Am I Ready to Return to Sport After ACL Reconstruction?

Return to Sport after ACL Reconstruction

By Jamie Phillips (Physiotherapist)

If you have had an ACL reconstruction in the past year or two, and you are looking to return to sport, then you may have some anxiety and apprehension about whether you are ready to return to play or not. If you have not completed a correct rehabilitation program, not been cleared by a physiotherapist and if you are returning to a high risk sport (eg, netball, football, soccer, basketball, etc.), then you may be putting yourself at a high risk of re-injury.

Recent studies have provided further knowledge and insight into risk factors for re-injury upon return to sport. Previously 12 months has been the time around when athletes should be ready to return to sport, however recent research suggests 9 months is adequate time, BUT ONLY if certain strength, balance and agility goals are achieved. As Physiotherapists we use certain tests to determine whether someone is ready to return to sport, and giving them the least chance of re-injury. Simply waiting 9 or 12 months (excluding LARS grafts) without any rehab is playing Russian roulette, as an ACL graft normally takes between 2-3 years to reach full maturity, therefore returning to sport prior to this, you need to counteract this graft weakness with increased knee strength, neuromotor control, and balance/proprioception that only a well developed and planned rehabilitation program can provide. Basically, if you are post 9 months post your surgery and you can perform a series of hopping and balance tests to 90% your non-operative leg, and perform an agility ‘T-test’ in under 11 seconds then you will have around a 5-10% re-injury risk. If you cannot pass these tests then your risk of re-injury is 35-40%, like I said it’s like playing Russian roulette. If you don’t pass these tests then every month after 9-12 months post-op your risk of re-injury reduces slightly until full maturity of your graft which can take up to around 3 years. Even then, poor strength and neuromotor control will increase your chance of putting your graft at risk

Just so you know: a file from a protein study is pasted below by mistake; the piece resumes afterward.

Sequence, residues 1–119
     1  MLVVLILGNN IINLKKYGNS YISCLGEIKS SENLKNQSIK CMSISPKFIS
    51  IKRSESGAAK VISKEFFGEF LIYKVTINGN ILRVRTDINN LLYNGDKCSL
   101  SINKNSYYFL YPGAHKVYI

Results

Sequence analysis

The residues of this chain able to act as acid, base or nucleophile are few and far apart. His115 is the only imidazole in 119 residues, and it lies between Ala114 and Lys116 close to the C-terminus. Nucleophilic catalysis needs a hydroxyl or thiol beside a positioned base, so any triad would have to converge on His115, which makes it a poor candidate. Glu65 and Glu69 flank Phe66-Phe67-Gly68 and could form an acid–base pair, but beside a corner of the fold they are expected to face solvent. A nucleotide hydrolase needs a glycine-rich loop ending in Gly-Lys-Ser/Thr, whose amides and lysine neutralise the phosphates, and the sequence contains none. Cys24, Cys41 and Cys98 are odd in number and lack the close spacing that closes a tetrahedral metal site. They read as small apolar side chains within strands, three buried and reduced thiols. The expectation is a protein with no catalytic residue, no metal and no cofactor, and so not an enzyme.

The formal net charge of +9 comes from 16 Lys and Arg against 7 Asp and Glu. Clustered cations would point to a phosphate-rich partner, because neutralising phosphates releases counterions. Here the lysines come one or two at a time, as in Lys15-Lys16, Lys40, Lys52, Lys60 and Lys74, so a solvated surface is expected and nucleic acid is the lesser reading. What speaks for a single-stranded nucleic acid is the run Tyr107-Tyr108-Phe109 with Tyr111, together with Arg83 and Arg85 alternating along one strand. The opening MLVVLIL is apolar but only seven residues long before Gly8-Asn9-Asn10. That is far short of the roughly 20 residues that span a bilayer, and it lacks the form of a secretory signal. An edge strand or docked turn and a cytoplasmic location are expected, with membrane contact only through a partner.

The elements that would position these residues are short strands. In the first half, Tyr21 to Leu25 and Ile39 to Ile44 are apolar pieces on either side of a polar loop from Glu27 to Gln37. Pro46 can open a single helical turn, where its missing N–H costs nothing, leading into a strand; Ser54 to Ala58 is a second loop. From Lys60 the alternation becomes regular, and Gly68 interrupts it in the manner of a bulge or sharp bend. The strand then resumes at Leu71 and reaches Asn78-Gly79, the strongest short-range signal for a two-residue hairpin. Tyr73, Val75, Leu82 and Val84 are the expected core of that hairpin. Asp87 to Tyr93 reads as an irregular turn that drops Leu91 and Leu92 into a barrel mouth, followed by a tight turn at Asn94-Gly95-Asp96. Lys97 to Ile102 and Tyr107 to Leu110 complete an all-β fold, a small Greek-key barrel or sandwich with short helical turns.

Often in the clinic we see patients who have had multiple ACL reconstructions, and they put it down to bad luck, however when we quiz them on their previous rehabilitation programs, often they have had inadequate rehabilitation and they have returned to sport under prepared. Reaching these strength and movement goals is hard work, and takes full involvement from the athlete to achieve these goals, as well as continuing ongoing prevention exercise once return to sport has been achieved. Patients are often surprised to know that post ACL reconstruction, you are at higher risk of injuring your non-operated ACL also, this is due to the reduced neuromotor control post-surgery that effects both limbs, therefore rehabilitation needs to address both legs. Rehabilitation programs post ACL reconstruction should start with regaining range of motion, full gait and some strength initially, then should progress to increase strength, the resumption of running around 3-4 months post-op and building on neuromotor control, balance, hopping/jumping, change of direction, before finally sport specific exercises.